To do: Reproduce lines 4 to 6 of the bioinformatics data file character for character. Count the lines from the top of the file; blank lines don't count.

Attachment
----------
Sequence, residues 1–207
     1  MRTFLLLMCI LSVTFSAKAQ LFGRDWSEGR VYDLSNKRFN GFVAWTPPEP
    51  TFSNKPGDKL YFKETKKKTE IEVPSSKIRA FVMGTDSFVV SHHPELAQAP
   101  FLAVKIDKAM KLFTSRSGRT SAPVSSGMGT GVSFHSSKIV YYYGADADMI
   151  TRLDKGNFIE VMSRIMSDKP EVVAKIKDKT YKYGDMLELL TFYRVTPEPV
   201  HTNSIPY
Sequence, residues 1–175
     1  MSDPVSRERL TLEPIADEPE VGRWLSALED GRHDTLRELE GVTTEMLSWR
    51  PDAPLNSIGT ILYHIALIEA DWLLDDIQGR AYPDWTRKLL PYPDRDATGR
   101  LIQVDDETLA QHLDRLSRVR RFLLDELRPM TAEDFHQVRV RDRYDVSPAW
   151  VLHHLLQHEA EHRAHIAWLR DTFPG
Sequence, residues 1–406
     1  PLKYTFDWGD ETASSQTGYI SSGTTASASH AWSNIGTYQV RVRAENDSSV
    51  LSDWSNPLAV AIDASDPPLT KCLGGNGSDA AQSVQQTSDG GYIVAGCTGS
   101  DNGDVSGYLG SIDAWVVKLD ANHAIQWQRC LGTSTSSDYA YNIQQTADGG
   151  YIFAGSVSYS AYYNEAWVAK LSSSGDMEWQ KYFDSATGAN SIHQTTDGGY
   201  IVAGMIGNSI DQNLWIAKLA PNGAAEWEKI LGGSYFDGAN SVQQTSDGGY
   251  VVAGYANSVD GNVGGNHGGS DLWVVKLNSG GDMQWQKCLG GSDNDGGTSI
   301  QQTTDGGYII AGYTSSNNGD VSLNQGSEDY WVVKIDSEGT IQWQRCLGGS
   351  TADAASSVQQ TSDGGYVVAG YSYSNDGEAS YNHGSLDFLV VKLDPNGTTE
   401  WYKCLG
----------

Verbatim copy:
   101  FLAVKIDKAM KLFTSRSGRT SAPVSSGMGT GVSFHSSKIV YYYGADADMI
   151  TRLDKGNFIE VMSRIMSDKP EVVAKIKDKT YKYGDMLELL TFYRVTPEPV
   201  HTNSIPY